Breaking Down Broken Windows: An Analysis of Quality of Life Policing and Equality
broken windows policing
quality of life policing
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Publisher:The Ohio State University
Series/Report no.:The Ohio State University. Department of Criminology Undergraduate Research Theses; 2019
In their 1982 article, Wilson and Kelling offer broken windows as a functional theory of social control to prevent serious crime in the United States. They hypothesize that broken windows in theory and action can prevent more serious crimes from occurring if minor offenses are aggressively policed. Since 1982, broken windows has been inspirational to a number of policing styles and programs in the United States and frequently implemented. With broken windows increasing in popularity, discussion regarding its effectiveness and impact has dominated research in the recent years and remained largely misinterpreted and disagreed upon. The goal of this research is to examine what relationship, if any, broken windows policing has on minority and poor communities. The first section of the paper introduces broken windows theory and its presence in the United States criminal justice system. The second section describes the theory as proposed by Wilson and Kelling. The third section on broken windows and inequality assesses the interaction and consequences of broken windows programs in Kansas City, New York, Chicago, and Baltimore. The fourth section traces the historical purpose and enforcement of quality of life policing and connects broken windows tenants to the historical policing of the poor in England. The fifth section is an analysis utilizing the 2006 New York Stop, Question, Frisk study through which I delve into the demographics of the individuals stopped under a popular broken windows program. The findings of this analysis support the claim that broken windows in enforcement and theory results in increased police presence for minority citizens.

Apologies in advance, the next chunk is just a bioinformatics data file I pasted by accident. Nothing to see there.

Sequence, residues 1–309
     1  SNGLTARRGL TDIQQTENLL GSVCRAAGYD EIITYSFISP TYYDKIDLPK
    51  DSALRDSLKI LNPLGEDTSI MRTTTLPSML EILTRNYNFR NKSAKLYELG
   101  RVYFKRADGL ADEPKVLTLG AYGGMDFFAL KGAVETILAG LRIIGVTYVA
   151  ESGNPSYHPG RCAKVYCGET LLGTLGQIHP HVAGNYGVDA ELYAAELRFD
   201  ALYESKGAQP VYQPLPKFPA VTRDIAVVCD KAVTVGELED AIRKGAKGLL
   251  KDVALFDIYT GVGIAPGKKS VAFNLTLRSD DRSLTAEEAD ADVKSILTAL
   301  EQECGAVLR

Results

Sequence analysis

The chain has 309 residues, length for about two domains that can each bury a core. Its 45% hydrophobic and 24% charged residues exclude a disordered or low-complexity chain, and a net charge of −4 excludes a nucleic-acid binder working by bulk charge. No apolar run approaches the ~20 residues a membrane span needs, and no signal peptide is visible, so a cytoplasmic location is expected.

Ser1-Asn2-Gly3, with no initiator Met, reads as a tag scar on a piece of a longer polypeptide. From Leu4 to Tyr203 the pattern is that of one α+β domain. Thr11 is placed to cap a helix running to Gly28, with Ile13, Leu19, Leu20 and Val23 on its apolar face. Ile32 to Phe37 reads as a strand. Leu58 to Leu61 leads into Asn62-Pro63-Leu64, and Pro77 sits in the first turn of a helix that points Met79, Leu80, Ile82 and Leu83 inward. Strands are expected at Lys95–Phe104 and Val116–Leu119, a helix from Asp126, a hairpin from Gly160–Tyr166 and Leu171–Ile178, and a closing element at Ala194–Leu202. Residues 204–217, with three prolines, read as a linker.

Academic Major: Criminology and Criminal Justice Studies
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